• noun + noun : homework
  • -ing + noun : camping site
  • verb + preposition : kick-off
  • verb + noun : pushbutton
  • adjective + noun : fast-food

Exercises

  • Mark the tonic accent (stress).
  • Paraphrase them (ex: homework = work you do at home)
  • Create other words on the same model (ex: office work).
  • Check your words with an English speaker or with a dictionary

Noun phrases

Technical and scientific English often uses noun phrases instead of verb phrases.

Example of a noun phrase : He began his conquest of space.

Example of a verb phrase : He began to conquer space.

Underline all the noun phrases in the text.

Rewrite them as verb phrases.

Look for other information in the text that can be rewritten as noun phrases.

-ing words

Highlight all the words ending in ‘-ing’.

Make lists of all the different categories of ‘-ing’ words; that is, their different functions in the sentence.

Examples of some of the different categories

  • He’s swimming.
  • He’s wearing a swimming suit.
  • He likes swimming.
  • Swimming is pleasant.

Rewrite each sentence without using the ‘-ing’ form.

Is there a change in meaning ? What is it ?

Find sentences in the text which can be rewritten using an -ing form.

Is there any change in meaning ? What is it ?

Adjectives

Underline all the words and expressions which function as adjectives in the text.

Examples :

  • Ford car
  • camping site
  • weekend job

Put them into different categories, according to criteria that you decide for yourself.

Name your criteria.

Add 2 or 3 more to each category.

Check them in a dictionary.

Make sentences using any three of them.

Articles

Underline or highlight each ‘the’, ‘a’ and ‘an’ in the text.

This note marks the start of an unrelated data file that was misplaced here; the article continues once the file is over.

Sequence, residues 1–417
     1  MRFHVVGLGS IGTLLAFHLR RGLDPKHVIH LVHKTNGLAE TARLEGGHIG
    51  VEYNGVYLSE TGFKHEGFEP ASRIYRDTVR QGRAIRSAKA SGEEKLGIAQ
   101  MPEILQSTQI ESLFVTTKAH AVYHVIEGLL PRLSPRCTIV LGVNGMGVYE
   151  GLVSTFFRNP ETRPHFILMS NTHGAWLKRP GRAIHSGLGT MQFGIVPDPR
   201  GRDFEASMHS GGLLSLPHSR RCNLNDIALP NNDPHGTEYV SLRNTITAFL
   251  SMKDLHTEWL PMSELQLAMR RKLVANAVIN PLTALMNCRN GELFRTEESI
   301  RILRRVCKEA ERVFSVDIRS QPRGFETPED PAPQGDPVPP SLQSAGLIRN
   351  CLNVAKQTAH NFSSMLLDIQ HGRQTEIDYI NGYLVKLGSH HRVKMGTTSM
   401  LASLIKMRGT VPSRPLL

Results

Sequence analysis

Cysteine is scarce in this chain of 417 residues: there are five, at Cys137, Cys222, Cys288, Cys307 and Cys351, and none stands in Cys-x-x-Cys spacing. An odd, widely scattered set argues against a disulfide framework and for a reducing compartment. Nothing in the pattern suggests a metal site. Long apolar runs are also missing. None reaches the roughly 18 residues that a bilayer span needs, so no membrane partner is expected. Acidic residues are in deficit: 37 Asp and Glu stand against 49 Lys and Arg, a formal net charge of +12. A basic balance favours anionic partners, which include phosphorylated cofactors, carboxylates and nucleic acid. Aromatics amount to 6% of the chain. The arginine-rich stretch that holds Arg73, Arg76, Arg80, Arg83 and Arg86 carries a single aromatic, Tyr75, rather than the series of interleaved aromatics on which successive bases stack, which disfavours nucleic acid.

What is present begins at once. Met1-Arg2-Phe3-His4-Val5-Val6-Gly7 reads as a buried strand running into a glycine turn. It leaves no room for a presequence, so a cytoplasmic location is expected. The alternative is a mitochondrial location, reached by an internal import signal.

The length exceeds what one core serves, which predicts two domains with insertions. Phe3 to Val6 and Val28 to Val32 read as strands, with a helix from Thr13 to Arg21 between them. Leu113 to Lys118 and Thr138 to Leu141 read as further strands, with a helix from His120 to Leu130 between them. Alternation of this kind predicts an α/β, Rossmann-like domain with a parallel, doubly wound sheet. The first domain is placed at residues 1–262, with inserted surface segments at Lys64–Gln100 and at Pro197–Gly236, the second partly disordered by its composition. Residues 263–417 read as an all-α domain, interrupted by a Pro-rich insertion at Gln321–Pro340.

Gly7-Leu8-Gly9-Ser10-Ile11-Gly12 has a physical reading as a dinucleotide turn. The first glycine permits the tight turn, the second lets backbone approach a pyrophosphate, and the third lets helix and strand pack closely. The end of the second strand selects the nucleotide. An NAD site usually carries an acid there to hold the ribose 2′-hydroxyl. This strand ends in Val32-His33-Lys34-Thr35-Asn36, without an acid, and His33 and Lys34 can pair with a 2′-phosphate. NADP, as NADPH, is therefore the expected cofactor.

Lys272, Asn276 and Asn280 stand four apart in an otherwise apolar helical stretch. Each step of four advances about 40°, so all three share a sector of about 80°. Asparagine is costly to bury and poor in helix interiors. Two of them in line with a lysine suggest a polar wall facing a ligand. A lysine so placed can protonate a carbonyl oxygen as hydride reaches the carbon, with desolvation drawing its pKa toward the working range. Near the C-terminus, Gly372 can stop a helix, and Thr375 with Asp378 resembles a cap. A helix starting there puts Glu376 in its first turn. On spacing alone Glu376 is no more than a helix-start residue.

Make four lists of nouns in the text. Those preceded by :

  • the
  • a
  • an
  • ø – no article
  1. What conclusions can you come to?
  2. Can you move any of the nouns to a different group (ex: ‘a government’ to ‘the government’).
  3. What is the difference in meaning ?

Quantity words

Look through the article and underline these quantity words :

  • many – more – least – much – fewer- less – few – a lot.
  1. Notice which words they describe.
  2. Which quantity words can describe the words in List A and which List B ?
List A List B
  • time
  • whisky
  • money
  • information
  • cars
  • machines
  • people
  • contracts

 

Copy lists A and B onto a big sheet of paper or a computer and then :

  • Add 5 more words to each list from the article.
  • Add 3 other words you know to each list.
  • Add the quantity words ( many, more, etc… ) under the list of words (A or B) they are used to describe You can put some quantity words in both lists.
  • Rewrite the quantity words in pairs – contrasting the word used for list A with the word used for list B.
  • Which quantity words can be used in the expression : « as —- as » ?
  • Which quantity words can be used in the expression :  » —- than » ?
  • Which quantity words can be used in the expression : « How —? »

Difficult sentences

Choose a difficult sentence.

  • Explain (if possible, to another person) exactly what you don’t understand in the sentence.
  • Underline or highlight all the parts you understand.
  • Translate it aloud into your native language with « filler » words for the parts you don’t know (examples of filler words in French: machin, machine).
  • Do you need other information to be able to understand it ? What information.
  • Do you understand it better now ?

Linking words

Examples of linking words

however; after all; on the other hand; therefore, and, but …

  1. Underline and list all the words and expressions in the text used to link, join or introduce ideas.
  2. How many are there?
  3. Add any other linking words you know to the list.
  4. Rewrite parts of the text using these words where possible.

Notes

  • Some linking words are rare (thus, moreover, furthermore…) and are only used in very formal writing.
  • Unless you want to appear ridiculous, do not use more than one or two of these rare words in a page. Use more neutral synonyms (so, in addition….)

Sentence joining

Choose a paragraph with a lot of short sentences.